Cyprus has become the first eurozone member country to bring in capital controls to prevent a torrent of money leaving the island and credit institutions collapsing.
President Nicos Anastasiades has said the financial situation has been “contained” following the deal.
The president has also stressed that Cyprus has no intention of leaving the euro, stressing that “in no way will we experiment with the future of our country”.
Yiannis Kypri, chief executive of Bank of Cyprus, the biggest bank in the country, has been ousted by the central bank, state media has said.
Yiannis Kypri was forced out by central bank governor Panicos Demetriades, who has himself come under fire for his handling of Cypurs’ banking crisis.
Yiannis Kypri’s removal came on the orders of Cyprus’ bailout lenders, the Cyprus News Agency reported.
The authorities are struggling to reopen the country’s banks on Thursday.
Yiannis Kypri, chief executive of Bank of Cyprus, the biggest bank in the country, has been ousted by the central bank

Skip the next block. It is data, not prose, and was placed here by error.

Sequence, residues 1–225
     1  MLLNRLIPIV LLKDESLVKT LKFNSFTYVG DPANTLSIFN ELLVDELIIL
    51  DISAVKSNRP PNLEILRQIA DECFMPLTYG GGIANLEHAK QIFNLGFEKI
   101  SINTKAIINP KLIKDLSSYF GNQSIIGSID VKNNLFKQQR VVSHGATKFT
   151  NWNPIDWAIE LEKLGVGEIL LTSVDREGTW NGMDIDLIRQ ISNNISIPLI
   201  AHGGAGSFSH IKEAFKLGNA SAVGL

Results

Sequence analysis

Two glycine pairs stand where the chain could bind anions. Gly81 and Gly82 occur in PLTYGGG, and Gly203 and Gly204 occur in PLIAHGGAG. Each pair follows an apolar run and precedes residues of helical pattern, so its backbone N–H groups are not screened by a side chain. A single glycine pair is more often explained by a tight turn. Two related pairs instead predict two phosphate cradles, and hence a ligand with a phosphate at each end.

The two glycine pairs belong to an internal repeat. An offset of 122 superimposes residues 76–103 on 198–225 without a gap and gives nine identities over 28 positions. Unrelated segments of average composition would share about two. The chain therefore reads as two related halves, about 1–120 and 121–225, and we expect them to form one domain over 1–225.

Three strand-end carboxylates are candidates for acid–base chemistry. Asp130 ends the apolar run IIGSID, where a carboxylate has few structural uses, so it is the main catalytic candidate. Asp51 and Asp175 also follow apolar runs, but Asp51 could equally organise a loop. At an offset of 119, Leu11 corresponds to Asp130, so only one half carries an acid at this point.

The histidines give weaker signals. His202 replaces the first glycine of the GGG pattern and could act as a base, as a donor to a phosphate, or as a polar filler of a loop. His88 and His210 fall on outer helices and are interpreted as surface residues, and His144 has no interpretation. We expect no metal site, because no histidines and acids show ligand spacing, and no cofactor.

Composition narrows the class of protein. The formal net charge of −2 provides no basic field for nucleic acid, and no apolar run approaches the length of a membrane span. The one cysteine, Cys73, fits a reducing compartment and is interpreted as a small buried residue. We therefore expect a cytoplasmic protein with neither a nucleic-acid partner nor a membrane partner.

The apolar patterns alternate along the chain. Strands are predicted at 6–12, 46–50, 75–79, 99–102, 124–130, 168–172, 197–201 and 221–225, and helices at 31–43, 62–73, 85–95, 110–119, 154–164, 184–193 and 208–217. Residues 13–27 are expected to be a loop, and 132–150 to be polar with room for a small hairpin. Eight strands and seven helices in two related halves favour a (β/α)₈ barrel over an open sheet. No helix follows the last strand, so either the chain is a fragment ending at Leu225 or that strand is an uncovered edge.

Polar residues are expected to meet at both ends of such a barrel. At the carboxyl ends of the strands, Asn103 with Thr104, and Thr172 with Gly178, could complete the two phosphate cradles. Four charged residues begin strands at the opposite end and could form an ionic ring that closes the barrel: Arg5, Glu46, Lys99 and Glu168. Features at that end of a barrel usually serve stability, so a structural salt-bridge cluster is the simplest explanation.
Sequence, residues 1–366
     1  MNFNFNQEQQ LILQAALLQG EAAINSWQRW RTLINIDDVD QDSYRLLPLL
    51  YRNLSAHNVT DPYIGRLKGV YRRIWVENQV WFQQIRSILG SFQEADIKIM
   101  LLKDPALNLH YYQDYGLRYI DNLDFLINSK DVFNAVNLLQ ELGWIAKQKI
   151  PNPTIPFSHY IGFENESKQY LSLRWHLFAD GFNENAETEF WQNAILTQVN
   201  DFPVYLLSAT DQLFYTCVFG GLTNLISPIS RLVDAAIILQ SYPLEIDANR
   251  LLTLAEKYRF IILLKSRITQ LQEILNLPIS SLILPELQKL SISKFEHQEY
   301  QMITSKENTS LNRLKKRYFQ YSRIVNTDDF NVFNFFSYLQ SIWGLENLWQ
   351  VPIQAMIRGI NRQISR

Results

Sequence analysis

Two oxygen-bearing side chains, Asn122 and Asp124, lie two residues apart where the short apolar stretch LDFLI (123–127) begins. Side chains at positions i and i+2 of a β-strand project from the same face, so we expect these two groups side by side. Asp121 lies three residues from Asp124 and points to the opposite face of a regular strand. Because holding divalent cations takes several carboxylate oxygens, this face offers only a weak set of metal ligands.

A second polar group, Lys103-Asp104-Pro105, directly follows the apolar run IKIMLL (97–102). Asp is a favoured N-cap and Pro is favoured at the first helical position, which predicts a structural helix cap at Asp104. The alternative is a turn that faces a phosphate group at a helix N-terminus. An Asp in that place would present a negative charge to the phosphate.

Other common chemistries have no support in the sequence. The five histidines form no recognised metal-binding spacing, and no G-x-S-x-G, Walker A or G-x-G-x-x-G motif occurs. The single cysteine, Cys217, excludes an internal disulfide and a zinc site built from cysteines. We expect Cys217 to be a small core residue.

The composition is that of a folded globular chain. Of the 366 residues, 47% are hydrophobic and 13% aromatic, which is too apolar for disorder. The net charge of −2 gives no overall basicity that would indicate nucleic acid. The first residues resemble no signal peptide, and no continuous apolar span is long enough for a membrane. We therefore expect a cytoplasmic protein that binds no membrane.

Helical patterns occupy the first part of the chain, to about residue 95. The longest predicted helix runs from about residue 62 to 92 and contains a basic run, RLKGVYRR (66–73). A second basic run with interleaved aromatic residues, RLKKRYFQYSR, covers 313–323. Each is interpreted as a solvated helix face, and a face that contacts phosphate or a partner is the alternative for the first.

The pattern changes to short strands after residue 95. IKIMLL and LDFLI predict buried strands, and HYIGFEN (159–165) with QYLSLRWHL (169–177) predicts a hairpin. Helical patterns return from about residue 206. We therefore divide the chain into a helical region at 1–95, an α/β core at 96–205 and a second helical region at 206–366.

Bank of Cyprus is to be restructured and merged with parts of the failed number two lender, Laiki Bank.
The reasons for Yiannis Kypri’s sudden removal were not immediately clear.
The bank’s chairman Andreas Artemis handed in his resignation on Tuesday, but local reports suggested that the troubled bank’s board had rejected his resignation.
Panicos Demetriades, the central bank governor, was widely criticized on Tuesday for suggesting that Bank of Cyprus was going to be wound up in the same way as is planned for Laiki Bank. The apparently erroneous statement led to demonstrations and calls for his resignation from Bank of Cyprus staff.
On Tuesday, Panicos Demetriades said that “superhuman” efforts were being made to ready the banks for reopening.
They have been shut for more than a week as a controversial bailout was negotiated, which will see many depositors take losses.
“We have to restore the public’s trust in banks,” he said.
Meanwhile, Cyprus is planning to impose a weekly limit on cash withdrawals, among other restrictions on money transfers, even following the banks’ reopening.
The country’s draft capital controls include export limits on euros and a ban on cashing cheques.
In addition, fixed-term deposits will have to be held until maturity.
The restrictions are expected to be tighter for accounts at Bank of Cyprus and Laiki Bank.
Panicos Demetriades has confirmed that “temporary” capital controls will be imposed on the island, without giving details.